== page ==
A 22-year-old man has been arrested for having sexual intercourse with a dog carcass after strangling the pregnant canine in the southern Indian city of Hyderabad, Telangana. The police suspect the perpetrator could have been under the influence of drugs when the incident took place.
The suspect was named by local police as Aslam Khan (aka Subash Singh). Local media reports that he was originally from Nepal, and had recently moved from New Delhi for work. The incident took place in the Shastripuram neighbourhood where the intoxicated youth was caught red-handed by the local residents.
Khan is alleged to have strangled the animal with a rope before taking its body to a nearby secluded area to perform the grisly act. He reportedly trespassed into a house to steal the dog. The two sons of the dog's owner claim to have found the culprit and the body in the isolated location.
"We know that he was intoxicated. He could have been on drugs also – we are yet to confirm it. He has been arrested," a police officer told News Minute.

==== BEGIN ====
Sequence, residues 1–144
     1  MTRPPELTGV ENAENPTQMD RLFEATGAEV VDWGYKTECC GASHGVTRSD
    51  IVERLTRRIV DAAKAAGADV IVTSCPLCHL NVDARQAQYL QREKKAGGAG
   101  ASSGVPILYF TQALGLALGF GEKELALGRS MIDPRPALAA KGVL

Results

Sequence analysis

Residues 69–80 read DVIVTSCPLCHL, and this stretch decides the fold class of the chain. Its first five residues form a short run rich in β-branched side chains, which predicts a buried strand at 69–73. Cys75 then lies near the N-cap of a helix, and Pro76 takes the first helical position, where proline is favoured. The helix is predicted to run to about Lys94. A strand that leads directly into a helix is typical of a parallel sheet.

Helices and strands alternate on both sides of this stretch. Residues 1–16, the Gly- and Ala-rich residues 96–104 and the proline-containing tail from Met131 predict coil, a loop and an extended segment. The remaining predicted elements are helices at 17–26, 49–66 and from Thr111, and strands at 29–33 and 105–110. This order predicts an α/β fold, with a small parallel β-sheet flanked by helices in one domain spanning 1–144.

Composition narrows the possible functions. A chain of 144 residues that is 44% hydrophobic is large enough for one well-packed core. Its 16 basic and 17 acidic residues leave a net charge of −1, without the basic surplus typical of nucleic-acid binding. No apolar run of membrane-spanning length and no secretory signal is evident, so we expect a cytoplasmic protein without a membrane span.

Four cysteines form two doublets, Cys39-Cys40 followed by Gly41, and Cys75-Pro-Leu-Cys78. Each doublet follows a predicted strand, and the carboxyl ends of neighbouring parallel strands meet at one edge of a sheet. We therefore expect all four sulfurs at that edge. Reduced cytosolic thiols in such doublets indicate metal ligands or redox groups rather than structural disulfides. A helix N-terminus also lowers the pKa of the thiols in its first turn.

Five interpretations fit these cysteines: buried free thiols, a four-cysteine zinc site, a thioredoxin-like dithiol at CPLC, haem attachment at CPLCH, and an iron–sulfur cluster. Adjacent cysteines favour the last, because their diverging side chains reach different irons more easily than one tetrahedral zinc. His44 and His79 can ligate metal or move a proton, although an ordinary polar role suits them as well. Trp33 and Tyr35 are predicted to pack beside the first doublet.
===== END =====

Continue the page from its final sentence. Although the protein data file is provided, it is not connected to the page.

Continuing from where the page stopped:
While the accused has been taken for medical examination, veterinary doctors are conducting a post-mortem to the animal. Authorities ruled out that Khan was mentally unstable.
The suspect has been charged under the 377 section of the Indian penal code which criminalises "unnatural sex", and the animal cruelty act of 429. Section 377 states: "Whoever voluntarily has carnal intercourse against the order of nature with any man, woman or animal, shall be punished with imprisonment for life, or with imprisonment of either description for a term which may extend to ten years, and shall also be liable to fine."
Animal rights activists are also concerned about the rise of violence against animals in India. In July, two medical students threw a dog from the roof of a two storey building and filmed its fall, later uploading the video to social media.
Activist NG Jayasimha said: "These incidents expose the violent nature of human beings and it's high time we arrest such actions. Such perpetrators must be brought to book so we can set precedence for future wrong-doers."